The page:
Why Simulated Annealing works
Of all optimization methods, Simulated Annealing is one of the most fascinating one. If you need a quick refresher in Simulated Annealing then see this slide. Is Simulated Annealing better than other techniques in finding the global optima ? Perhaps. I will discuss why I think it is one of the best optimization technique and why so.
Simulated Annealing is another example of use of Interdisciplinary research, about which I wrote two weeks ago. Annealing is a metallurgical process, where heating a metal beyond a critical temperature and slow cooling gives it unique properties (related to lower energy states). Simulated Annealing is, as the name suggests, simulation of annealing process. Algorithm for Simulated Annealing is very close to real annealing process. Infact the cost function used is same as the distribution underlying the movement of molecules in annealing process, which is Boltzmann distribution.
P(E) = e-E/kT
where, P(E) = Energy Function associated with Boltzman distribution
T = Temperature of the molecule
k = Boltzman constant ( 1.380 x 10-23 J/K)
Above function gives the probability of molecule at given Temperature, in Simulated Annealing it transcends to the search space. At higher Temperature(T) there is no restriction on the search space and algorithm is free to move anywhere. Certainly this means it will lead to some non-efficient movement across the solution space and perhaps in the wrong direction. As counter-intuitive it may sound,** it is this erratic behaviour that gives Simulated Annealing the power to find global optima** and not get stuck at local optimum.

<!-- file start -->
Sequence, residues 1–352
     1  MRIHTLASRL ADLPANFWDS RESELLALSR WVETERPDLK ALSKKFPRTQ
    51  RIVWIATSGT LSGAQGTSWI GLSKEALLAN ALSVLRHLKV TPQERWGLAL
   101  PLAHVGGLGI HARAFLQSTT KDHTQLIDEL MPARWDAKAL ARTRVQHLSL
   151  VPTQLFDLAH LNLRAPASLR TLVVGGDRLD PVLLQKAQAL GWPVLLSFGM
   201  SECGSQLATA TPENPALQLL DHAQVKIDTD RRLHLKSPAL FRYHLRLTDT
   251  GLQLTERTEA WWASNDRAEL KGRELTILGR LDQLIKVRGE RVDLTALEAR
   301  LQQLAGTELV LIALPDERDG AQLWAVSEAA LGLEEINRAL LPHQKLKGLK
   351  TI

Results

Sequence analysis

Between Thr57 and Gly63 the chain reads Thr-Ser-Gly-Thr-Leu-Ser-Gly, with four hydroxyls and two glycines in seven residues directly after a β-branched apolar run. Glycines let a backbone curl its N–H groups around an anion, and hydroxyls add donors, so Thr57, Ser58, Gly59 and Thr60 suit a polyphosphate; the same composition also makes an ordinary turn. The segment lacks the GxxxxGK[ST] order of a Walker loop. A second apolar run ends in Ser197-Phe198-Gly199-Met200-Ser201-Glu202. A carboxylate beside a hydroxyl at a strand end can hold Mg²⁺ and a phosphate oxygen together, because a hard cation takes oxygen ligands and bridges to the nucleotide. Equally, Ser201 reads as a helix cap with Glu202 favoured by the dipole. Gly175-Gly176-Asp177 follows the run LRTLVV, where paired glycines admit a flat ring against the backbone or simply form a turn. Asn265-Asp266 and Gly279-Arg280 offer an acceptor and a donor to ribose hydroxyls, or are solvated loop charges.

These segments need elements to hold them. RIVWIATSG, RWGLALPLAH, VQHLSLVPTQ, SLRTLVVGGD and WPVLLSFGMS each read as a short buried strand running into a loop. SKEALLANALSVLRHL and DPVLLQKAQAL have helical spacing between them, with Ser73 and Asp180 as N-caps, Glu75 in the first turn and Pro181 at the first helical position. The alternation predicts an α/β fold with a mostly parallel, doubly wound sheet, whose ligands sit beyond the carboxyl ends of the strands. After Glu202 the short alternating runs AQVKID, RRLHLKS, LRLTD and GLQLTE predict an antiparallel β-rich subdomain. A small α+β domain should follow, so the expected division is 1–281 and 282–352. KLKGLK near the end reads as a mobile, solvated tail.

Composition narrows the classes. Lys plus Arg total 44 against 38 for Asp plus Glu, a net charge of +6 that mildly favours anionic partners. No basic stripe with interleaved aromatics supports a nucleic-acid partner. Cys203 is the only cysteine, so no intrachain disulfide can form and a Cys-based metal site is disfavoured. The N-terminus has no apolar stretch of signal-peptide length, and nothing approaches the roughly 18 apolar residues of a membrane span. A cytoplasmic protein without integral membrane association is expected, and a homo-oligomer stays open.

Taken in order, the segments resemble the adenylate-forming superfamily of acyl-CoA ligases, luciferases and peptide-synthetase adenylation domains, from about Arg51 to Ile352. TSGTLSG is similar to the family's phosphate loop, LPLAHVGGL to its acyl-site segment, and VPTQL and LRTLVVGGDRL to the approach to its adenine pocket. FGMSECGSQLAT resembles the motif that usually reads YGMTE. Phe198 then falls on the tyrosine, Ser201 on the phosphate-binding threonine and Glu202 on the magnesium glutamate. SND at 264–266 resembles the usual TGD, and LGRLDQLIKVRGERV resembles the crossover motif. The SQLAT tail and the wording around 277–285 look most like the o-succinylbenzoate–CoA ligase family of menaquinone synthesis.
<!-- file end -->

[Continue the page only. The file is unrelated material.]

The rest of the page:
As the local gradient function will lead the heuristics into the local optima, a non-negligible probability of search iteration moving outside the gradient descent will help push the search agent outside the realm of locality. This ensures that there will be search beyond local descent. Caveat though, this also means that sometimes even when the agent has successfully found the ‘best solution’ it will move away from it. This is nature of all non-deterministic and stochastic algorithm and this cannot be dealt with.
Now if there were no way to finally stop this random walk then this method would never reach a solution and the heuristic would be equivalent to random search, but as shown by the energy function above, when the Temperature(T) gradually decreases the movement across solution space is constrained. Gradually it starts behaving like a ‘Gradient Descent’. After critical Temperature (TLOW), algorithm zeroes on the currently found gradient slope.
Consider a wild case of solution space where the base of Global Optima is very narrow (read lower probability for agent following uniform distribution) and local optimum with broad base. This means any search agent has higher probability of getting stuck at local optimum. For e.g as in the figure below :
It is for these kind of search space, Simulated Annealing works and performs much better than other optimization techniques. Certainly this is not the best method for several other solution space requiring more foresighted heuristics. Nevertheless due to this unique property Simulated Annealing is not going to become obsolete very soon.
More detailed presentation of Simulated Annealing